Clay Masters: It's Morning Edition on Iowa Public Radio. I'm Clay Masters. Governor Terry Branstad delivers his condition of the state speech this morning where he'll lay out his priorities in 2015. We sat down with the governor in his formal office at this capitol yesterday to get a bit of a preview. I start by asking the governor if this is the year a funding method will be approved to fix the state's deficent roads and bridges. 

Photo by John Pemble

The board of the state's largest water utility has voted unanimously to sue three northern Iowa counties, holding them responsible for the high nitrate levels in rivers the utility uses for source water. Des Moines Water Works CEO and General Manager Bill Stowe says there have been significant peaks in nitrate levels throughout the last three years.

UPDATE 12:35 pm Monday, January 5, 2015 - The "General" in charge of the Iowa Department of Transportation's battle plan for the approaching snow storm says they're ready to go. 


The state insurance commissioner is taking over a co-op that was financed by the Affordable Care Act. 

League of Women Voters of California / Flickr

Republican Secretary of State-elect Paul Pate says he hopes to have the option for Iowans to register to vote online before the 2016 primaries. But at a public hearing  Tuesday in Des Moines, voter rights groups say it’s unfair.

Clay Masters / IPR

Pieta Brown's parents split up when she was 2 years old, and she spent her childhood traveling between them in the Midwest and the South.

But even when she was apart from her father — the much-loved folk singer Greg Brown — they would find ways to share the musical parts of their lives.

Photo by John Pemble

Sen. Tom Harkin retires from the U.S. Senate in January. He discusses his congressional legacy with Morning Edition, and gives a hint to his life's next chapter.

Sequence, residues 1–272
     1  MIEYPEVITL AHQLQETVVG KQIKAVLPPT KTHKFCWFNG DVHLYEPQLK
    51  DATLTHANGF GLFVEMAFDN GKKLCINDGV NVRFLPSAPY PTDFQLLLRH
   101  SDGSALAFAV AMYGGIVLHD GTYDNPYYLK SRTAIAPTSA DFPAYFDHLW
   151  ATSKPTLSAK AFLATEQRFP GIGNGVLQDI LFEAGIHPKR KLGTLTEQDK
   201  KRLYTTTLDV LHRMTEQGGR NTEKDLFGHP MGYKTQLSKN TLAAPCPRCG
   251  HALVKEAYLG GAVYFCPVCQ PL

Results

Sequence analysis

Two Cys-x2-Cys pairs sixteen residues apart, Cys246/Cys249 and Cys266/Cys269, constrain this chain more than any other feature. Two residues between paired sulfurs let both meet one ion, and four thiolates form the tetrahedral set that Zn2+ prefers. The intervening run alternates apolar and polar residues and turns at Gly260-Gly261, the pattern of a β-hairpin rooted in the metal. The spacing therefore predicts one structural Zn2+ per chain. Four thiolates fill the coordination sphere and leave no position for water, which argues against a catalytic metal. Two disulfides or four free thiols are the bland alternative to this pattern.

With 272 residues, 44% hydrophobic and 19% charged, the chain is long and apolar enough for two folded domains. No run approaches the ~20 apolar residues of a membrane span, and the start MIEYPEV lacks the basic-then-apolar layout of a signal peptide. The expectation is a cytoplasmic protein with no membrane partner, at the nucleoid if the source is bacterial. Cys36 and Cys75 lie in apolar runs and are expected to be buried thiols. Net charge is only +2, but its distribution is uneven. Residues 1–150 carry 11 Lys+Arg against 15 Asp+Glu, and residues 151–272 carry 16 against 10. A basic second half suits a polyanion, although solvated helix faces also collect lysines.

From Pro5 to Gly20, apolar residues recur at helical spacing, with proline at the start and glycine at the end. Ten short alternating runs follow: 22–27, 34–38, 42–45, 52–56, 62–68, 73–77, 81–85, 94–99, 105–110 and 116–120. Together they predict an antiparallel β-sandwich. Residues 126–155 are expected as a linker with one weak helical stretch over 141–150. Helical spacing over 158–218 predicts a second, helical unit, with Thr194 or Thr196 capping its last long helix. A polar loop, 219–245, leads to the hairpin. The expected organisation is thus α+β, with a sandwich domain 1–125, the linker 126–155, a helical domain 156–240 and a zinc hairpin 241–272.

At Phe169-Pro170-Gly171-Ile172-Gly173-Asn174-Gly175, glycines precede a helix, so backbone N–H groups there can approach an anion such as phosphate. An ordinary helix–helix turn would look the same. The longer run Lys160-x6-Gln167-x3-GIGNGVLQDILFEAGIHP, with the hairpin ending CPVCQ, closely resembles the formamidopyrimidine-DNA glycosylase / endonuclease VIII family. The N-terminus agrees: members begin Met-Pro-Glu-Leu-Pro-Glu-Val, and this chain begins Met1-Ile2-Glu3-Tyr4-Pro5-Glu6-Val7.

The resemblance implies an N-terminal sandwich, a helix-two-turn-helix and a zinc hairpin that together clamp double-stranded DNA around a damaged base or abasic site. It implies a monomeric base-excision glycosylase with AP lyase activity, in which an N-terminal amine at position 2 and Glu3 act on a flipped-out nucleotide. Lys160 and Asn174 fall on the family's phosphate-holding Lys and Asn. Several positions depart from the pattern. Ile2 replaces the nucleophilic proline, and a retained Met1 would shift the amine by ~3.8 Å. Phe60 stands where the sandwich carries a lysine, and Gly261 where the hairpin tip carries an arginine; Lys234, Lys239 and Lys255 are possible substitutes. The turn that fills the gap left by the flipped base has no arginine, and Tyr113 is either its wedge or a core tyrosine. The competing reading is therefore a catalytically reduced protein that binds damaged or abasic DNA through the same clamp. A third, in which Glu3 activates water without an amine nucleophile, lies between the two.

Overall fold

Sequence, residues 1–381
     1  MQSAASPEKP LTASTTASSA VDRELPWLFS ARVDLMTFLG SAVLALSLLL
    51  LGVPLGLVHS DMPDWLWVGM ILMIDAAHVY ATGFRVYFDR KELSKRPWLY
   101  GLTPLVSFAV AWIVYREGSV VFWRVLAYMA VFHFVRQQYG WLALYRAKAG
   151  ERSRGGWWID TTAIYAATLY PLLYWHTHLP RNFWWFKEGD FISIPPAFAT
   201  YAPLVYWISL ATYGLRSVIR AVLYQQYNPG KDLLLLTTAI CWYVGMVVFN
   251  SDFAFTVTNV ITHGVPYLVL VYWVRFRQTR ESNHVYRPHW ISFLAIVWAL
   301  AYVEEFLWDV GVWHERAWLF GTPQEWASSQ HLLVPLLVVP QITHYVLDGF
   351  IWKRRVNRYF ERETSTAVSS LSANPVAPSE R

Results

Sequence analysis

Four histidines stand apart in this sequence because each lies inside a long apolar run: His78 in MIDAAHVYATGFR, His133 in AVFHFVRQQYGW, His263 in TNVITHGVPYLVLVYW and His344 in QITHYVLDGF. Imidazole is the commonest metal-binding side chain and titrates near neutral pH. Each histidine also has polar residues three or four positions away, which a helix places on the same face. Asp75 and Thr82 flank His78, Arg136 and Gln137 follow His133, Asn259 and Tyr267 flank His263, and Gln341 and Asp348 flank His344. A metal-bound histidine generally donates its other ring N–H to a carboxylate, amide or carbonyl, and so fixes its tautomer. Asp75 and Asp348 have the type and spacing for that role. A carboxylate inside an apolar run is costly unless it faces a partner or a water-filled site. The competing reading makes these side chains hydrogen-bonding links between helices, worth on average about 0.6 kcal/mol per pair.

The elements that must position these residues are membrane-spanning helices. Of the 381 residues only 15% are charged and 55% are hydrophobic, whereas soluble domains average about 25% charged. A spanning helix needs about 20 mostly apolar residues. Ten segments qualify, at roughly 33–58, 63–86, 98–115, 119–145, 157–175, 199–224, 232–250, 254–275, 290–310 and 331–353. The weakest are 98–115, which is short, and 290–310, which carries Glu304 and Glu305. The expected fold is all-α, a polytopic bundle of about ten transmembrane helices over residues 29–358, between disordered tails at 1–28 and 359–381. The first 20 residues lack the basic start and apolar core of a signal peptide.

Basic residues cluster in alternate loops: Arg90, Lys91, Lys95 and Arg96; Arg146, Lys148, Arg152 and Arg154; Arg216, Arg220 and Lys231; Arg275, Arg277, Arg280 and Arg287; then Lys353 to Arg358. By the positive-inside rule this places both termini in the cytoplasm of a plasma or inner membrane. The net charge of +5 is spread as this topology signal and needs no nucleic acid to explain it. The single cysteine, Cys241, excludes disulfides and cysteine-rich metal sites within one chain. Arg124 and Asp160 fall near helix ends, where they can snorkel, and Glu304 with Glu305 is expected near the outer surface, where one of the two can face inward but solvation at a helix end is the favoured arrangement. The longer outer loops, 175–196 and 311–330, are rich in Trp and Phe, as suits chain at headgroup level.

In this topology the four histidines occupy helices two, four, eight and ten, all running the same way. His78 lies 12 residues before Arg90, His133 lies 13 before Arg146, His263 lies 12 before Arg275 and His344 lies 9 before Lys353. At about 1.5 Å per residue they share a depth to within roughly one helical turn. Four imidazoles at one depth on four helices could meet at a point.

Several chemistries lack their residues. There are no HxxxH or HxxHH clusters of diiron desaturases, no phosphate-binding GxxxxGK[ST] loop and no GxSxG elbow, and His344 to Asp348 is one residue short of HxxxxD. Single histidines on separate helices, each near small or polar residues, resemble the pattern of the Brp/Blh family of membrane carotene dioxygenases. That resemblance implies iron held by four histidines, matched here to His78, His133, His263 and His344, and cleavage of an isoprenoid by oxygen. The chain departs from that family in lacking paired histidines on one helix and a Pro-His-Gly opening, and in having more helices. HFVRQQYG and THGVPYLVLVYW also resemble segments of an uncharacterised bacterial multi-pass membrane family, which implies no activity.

Clay Masters: It’s Morning Edition on Iowa Public Radio. I’m Clay Masters. U.S. Democratic Senator Tom Harkin is retiring. He’s been a member of congress for 40 years—10 years in the House, and 30 in the Senate. Sen. Harkin is with me to discuss his career, and also what’s next.  Hello, Senator.

Sen. Tom Harkin: Good Morning. Good to be with you, Clay.

Jennifer Morrow

Since the passage of the Affordable Care Act, 110,000 Iowans have enrolled in Medicaid through the Iowa Health and Wellness Plan.  The income threshold for those eligible went from 100 percent of the poverty level, to 138 percent. 

CEO of the Iowa Hospital Association Kirk Norris talks with Morning Edition about how Medicaid expansion has affected Iowan hospitals. 

Clay Masters: It’s Morning Edition on Iowa Public Radio. Good Morning. I’m Clay Masters.

John Pemble / IPR

Last night Governor Branstad was elected to a sixth term and Republican Joni Ernst will be the first woman to represent Iowa in the United States Congress. Democrats held on to its majority in the state senate. IPR's Clay Masters talks with Associated Press political reporter Catherine Lucey about last night's results and what it might mean for 2016.

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With Election Day on Tuesday, IPR’s Clay Masters spoke with Associated Press political reporter Catherine Lucey, to discuss what to expect.

Clay Masters / IPR

Since the Supreme Court's "Citizens United" decision in 2010, there’s been more and more participation in electoral politics by groups not coordinated with campaigns or parties. 

John Pemble / IPR

State Senator Joni Ernst, the Republican candidate for U.S. Senate, talks with Morning Edition one week before the 2014 Elections. 

Clay Masters / IPR

Congressman Bruce Braley, the Democratic candidate for U.S. Senate, talks with Morning Edition one week before the 2014 Elections. 

Clay Masters / IPR

Imagine being able to drive an all-terrain vehicle right up next to a sacred earthen Native American burial mound.

Ernst/Braley Campaign Facebook Pages

Democratic Congressman Bruce Braley and Republican State Senator Joni Ernst squared off in their final debate for Iowa's open U.S. Senate seat at Morningside College in Sioux City Thursday night. 

Braley and Ernst were asked to clarify their stances on fixing social security. Social Security's trust fund is projected to run out in about two decades, potentially reducing Social Security benefits by as much as 25%.

Congressman Braley wants millionaires and billionaires to pay the same portion of earned income into social security as less wealthy Americans.

The topic of out-of-state money flooding Iowa's airwaves featured heavily in Saturday's U.S. Senate debate.

Jim Mowrer for Congress Facebook Page

Democratic congressional candidate Jim Mowrer says he will not apologize for or remove television ads his campaign is running against Republican Congressman Steve King.